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A day in Northern Ireland itinerary

Northern Ireland’s Atlantic northern coastline is one of striking beauty. A land where wild waves crash against craggy headlands, monolithic sea stacks rise above the foamy tides, and meadows and rolling glens give way to tree-lined paths ambling towards rural cottages and farmhouses. Yet while the arresting scenery is par for the course around here, the aesthetics are just the beginning. The coastline is also studded with parochial seaside towns, eateries dishing out superb local cuisine, iconic pubs, and a world-renowned whiskey distillery, all coalescing to inject real life into the area. If you’ve only got a day to spend on Northern Ireland’s north coast, here’s how you can maximize those 24 hours.

Note that for convenience’s sake, a car is the best way to get around. If you like a drink, consider booking a hotel or Airbnb for the night in Portrush town where you’ll begin and end your tour.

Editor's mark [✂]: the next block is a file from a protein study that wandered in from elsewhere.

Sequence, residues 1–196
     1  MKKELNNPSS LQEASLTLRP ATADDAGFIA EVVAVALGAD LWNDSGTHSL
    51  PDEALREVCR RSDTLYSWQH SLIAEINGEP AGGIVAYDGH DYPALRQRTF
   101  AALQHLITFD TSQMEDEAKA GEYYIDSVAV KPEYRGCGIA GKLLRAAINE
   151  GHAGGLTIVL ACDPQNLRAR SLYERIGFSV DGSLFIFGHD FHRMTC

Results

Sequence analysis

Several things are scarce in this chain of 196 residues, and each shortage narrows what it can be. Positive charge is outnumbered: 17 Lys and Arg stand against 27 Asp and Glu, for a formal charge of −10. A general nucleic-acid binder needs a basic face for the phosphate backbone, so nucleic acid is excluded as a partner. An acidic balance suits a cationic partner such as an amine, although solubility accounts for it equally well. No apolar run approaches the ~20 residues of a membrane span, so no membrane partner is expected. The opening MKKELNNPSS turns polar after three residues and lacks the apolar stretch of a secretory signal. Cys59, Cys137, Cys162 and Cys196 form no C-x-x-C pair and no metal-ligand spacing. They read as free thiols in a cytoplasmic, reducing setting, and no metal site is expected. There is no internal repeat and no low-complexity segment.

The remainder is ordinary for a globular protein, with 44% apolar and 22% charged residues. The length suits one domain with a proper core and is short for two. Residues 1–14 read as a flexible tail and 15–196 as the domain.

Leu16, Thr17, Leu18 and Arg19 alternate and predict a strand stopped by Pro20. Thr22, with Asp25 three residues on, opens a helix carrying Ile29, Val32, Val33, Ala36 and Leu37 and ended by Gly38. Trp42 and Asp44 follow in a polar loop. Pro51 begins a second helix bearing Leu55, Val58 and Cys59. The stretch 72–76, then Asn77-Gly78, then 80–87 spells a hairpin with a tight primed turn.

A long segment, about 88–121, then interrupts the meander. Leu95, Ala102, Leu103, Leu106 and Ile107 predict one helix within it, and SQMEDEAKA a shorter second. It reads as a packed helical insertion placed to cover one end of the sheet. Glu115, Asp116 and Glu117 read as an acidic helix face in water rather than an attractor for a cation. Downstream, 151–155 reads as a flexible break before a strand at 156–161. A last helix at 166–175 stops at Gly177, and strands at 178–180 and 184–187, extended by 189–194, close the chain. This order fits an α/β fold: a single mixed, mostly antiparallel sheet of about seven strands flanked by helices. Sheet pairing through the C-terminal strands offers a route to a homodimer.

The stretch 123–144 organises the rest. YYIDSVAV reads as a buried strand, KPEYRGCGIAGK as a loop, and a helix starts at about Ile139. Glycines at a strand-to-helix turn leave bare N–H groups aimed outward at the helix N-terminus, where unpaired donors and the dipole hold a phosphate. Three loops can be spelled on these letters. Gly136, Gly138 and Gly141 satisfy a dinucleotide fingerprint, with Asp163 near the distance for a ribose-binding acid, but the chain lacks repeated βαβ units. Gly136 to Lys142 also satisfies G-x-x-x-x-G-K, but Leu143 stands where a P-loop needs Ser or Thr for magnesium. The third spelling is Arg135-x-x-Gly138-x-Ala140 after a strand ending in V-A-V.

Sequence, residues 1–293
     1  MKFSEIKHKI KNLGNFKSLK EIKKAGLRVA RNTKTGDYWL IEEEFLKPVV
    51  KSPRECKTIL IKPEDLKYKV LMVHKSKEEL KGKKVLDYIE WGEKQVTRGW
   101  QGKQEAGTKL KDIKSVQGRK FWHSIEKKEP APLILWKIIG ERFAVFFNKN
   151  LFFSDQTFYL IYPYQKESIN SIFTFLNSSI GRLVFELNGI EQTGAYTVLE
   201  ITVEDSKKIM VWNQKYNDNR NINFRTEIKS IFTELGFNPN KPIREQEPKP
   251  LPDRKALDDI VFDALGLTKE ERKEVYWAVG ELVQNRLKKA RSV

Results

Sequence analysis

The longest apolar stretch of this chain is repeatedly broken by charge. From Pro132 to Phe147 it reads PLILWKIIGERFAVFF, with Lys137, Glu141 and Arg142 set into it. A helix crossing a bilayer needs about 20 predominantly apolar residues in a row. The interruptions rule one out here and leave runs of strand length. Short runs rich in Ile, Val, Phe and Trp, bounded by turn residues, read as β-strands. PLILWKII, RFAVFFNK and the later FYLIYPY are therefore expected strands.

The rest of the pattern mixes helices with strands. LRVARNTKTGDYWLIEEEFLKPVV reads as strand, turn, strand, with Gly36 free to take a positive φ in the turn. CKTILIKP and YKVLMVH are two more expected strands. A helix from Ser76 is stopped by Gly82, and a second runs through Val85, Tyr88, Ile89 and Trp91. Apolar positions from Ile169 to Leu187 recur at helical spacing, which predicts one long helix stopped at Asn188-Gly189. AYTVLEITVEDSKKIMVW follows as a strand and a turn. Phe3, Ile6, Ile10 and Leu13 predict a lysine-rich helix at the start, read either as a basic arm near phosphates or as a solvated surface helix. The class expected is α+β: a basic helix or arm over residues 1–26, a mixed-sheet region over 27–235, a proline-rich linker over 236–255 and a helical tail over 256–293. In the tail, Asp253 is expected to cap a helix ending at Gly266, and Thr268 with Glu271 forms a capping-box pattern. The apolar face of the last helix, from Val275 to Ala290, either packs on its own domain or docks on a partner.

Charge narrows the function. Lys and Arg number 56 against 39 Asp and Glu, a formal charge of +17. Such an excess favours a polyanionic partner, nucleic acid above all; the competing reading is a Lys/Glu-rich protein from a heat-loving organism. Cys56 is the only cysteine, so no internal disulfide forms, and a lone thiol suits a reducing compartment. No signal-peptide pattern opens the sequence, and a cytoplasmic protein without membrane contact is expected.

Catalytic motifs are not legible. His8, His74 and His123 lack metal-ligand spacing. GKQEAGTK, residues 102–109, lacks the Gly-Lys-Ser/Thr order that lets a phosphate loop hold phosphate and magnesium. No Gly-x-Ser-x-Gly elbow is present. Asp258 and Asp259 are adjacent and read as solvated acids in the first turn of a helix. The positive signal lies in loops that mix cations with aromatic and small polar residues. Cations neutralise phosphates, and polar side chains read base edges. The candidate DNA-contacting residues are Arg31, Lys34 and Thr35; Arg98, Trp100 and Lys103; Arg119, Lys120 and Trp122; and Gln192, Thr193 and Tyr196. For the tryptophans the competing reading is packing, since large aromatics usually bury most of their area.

Morning

Photo: belfastlough/Shutterstock

Kick-off the day in Portrush, a seaside town built into a mile-long stretch of peninsula called Ramore Head. The town is banked on either side by two vast beaches, namely the East and West Strands. Park your car and take a stroll along the latter of these towards Babushka Kitchen Café, a one-room breakfast and lunch deli that sits on a small outcrop of land jutting into the Atlantic Ocean.

You can soak up views of the seascape from the café floor or from a scattering of outdoor tables provided the weather allows, which is invariably difficult to predict in this part of the world. Order the slightly fancified recreations of the local “Ulster Fry,” which is made of bacon, eggs, sausages, a selection of breads, and sides.